Complicating his life is an attraction to Joni who works with him at Whole Foods. She’s fun and things click between them. However, Ryden can’t get it together to tell her about Hope.

What happens as Ryden tries to find the missing journals, almost loses Joni and does lose some other important things, make for a story that’s impossible to put down. He has to grow up and it’s both painful and joyful to watch as it happens. I’ve read Jessica’s other books and like this, they’re compelling and amazing reads. While there is some strong language here, it’s appropriate and the quality of the story and its subject matter trump any concerns about profanity. I’d strongly encourage any school or public library to add this book to their collection

Leave a comment

Filed under Fiction, Grade 10-12

Granddaddy’s Turn: A journey to the ballot box

Granddaddy’s Turn: A journey to the ballot box. Written by Michael S. Bandy and Eric Stein. Illustrated by James E. Ransome. Reviewed by Cheryl Coffin.

This is a touching story set in the South during the Civil Rights Era.  This picture book describes the first trip an African-American boy and his granddaddy take to the ballot box.   As much as one would like the story to have an idealistic ending, the plot is actually quite complex and realistic.

Stylistically, this story is somewhat reminiscent of Patricia Polacco’s work. in that the storyline revolves around an important, compelling issue (voting rights).  There are engaging, true-to-life characters and a heart-felt ending that is meaningful (though not necessarily happily-ever-after).

I really enjoyed the telling of this story and would recommend the book to anyone seeking to teach young children about this key aspect of the Civil Rights journey in America.

Leave a comment

Filed under Grade 4-6, Grade K-3, Historical Fiction, Picture Book

Dead Ends

Dead Ends by Erin Jade Lange, Bloomsbury, 2015. ISBN: 9781619630802. Reviewed by John R. Clark, MLIS.

dead ends

Take two teen boys and add Down Syndrome, anger management issues, missing fathers and some pretty darn good dialogue, coupled with a ton of geography-related riddles and what do you have? The short answer is this book, but the more complete answer is you have an often funny, very appealing story about Dane and Billy who happen to live across the street from each other. On the surface, they couldn’t be more different. Dane is a high-achieving guy who has no clue who his dad is, has serious anger problems and he’s one detention away from getting kicked out, losing any chance of going to college and landing in the alternative program where most of the ‘crash and burn’ kids are. Billy, who just moved across the street with his angry and secretive mother, has Down Syndrome, but can hold his own when it comes to perverse logic or arguing. While he’s scared of other kids who have started to bully him, Dane’s angry attitude doesn’t seem to faze him in the slightest.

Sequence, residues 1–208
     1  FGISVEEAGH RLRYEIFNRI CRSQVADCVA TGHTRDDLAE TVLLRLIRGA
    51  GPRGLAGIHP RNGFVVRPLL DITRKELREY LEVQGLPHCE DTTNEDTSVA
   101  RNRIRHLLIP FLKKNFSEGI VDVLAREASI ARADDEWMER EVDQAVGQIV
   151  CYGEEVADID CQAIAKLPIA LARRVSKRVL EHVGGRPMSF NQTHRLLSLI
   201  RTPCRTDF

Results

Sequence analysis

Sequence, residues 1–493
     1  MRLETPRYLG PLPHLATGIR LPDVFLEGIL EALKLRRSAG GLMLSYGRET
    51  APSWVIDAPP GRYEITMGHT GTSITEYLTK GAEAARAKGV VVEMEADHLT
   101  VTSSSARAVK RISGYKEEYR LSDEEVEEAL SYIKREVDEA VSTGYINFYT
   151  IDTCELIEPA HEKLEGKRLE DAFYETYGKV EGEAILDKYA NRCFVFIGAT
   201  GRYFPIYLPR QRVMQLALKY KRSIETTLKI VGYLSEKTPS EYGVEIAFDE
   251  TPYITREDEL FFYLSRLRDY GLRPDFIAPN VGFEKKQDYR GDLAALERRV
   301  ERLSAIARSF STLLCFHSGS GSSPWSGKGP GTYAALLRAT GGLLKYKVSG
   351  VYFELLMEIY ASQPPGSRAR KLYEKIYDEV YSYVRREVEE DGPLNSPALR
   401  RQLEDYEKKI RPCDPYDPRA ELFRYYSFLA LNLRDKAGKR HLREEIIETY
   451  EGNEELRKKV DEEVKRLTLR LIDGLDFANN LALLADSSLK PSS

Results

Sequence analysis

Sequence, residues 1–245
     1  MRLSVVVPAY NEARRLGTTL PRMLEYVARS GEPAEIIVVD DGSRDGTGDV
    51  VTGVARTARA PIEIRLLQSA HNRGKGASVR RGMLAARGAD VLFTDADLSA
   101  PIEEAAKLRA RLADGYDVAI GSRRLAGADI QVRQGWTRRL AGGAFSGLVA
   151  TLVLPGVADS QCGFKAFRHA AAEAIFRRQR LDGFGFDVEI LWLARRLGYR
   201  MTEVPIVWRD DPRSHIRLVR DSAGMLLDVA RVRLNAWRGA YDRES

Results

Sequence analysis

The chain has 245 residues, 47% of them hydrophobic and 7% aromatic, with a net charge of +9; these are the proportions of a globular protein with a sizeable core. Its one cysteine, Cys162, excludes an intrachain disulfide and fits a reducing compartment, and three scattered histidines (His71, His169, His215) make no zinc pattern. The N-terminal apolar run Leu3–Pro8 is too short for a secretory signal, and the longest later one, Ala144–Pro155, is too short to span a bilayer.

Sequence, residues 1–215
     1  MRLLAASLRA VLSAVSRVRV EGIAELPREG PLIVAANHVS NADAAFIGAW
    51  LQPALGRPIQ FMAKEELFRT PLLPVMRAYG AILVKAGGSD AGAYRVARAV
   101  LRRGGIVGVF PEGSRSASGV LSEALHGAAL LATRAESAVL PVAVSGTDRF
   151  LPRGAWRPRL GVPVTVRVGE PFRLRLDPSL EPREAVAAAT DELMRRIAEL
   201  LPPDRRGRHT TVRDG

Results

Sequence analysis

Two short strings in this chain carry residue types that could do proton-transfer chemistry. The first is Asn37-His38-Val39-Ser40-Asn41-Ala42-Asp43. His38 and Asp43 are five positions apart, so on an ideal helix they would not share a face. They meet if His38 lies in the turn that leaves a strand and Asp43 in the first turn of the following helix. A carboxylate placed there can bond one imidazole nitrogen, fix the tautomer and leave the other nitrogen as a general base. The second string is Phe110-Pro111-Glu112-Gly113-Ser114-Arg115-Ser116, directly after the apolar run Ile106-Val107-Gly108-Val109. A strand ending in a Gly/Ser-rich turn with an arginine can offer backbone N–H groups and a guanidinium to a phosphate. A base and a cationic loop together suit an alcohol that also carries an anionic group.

When the staff member in charge of discipline notices that Billy has attached himself to Dane, or at least is following him to school, he offers Dane a deal: Be Billy’s escort (read bodyguard) and as time progresses, detentions will magically disappear from his record. While Dane’s far from wild about the deal, something about the way Billy can turn things around when they’re arguing, leads to grudging respect and an odd sort of bond. While he’s adamant that he has no desire to learn who his father might be, he’s talked into helping Billy decipher the clues his dad left in an atlas. Billy’s convinced that if they can solve all of them, they will find his father.

Things get even more interesting when a waify, skateboarding girl named Seely who has not one, but two dads, neither of which are biologically related to her, enters the picture and starts helping them with the puzzles. It doesn’t take Dane long to start realizing that she’s unlike any girl he’s ever met and that there’s some attraction growing on both their parts.

It takes a crazy road trip as well as some bonding between Dane and Billy’s mothers to start the truth about Billy’s dad coming to the surface. By the end of the book, most readers will feel like they were sitting in the back seat during the ride. This is a neat and different look at bullying, how kids get to that point and what happens when they start looking in the figurative mirror. This is another book that deserves a place in most libraries where providing good real-life issue fiction for teens is important.

Leave a comment

Filed under Fiction, Grade 10-12, Grade 7-9

Share It!

Share It! Written by Azza Sharkawy. Reviewed by Cheryl Coffin

This series focuses on the scientific method. It includes four different volumes: Observe It, Question It, Predict It, Share It.